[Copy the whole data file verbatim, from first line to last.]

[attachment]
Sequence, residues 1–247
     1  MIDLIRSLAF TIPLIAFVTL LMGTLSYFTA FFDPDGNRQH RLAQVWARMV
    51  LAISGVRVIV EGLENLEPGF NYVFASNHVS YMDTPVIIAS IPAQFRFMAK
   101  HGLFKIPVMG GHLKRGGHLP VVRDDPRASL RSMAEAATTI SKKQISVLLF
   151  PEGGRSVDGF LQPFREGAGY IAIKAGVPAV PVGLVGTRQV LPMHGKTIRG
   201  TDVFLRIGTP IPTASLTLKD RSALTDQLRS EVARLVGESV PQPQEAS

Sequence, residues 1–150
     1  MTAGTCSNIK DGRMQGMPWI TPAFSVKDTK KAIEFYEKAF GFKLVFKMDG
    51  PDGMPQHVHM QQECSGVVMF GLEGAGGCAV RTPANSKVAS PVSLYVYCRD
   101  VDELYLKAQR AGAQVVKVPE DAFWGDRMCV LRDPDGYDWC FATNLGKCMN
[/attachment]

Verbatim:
Sequence, residues 1–247
     1  MIDLIRSLAF TIPLIAFVTL LMGTLSYFTA FFDPDGNRQH RLAQVWARMV
    51  LAISGVRVIV EGLENLEPGF NYVFASNHVS YMDTPVIIAS IPAQFRFMAK
   101  HGLFKIPVMG GHLKRGGHLP VVRDDPRASL RSMAEAATTI SKKQISVLLF
   151  PEGGRSVDGF LQPFREGAGY IAIKAGVPAV PVGLVGTRQV LPMHGKTIRG
   201  TDVFLRIGTP IPTASLTLKD RSALTDQLRS EVARLVGESV PQPQEAS

Sequence, residues 1–150
     1  MTAGTCSNIK DGRMQGMPWI TPAFSVKDTK KAIEFYEKAF GFKLVFKMDG
    51  PDGMPQHVHM QQECSGVVMF GLEGAGGCAV RTPANSKVAS PVSLYVYCRD
   101  VDELYLKAQR AGAQVVKVPE DAFWGDRMCV LRDPDGYDWC FATNLGKCMN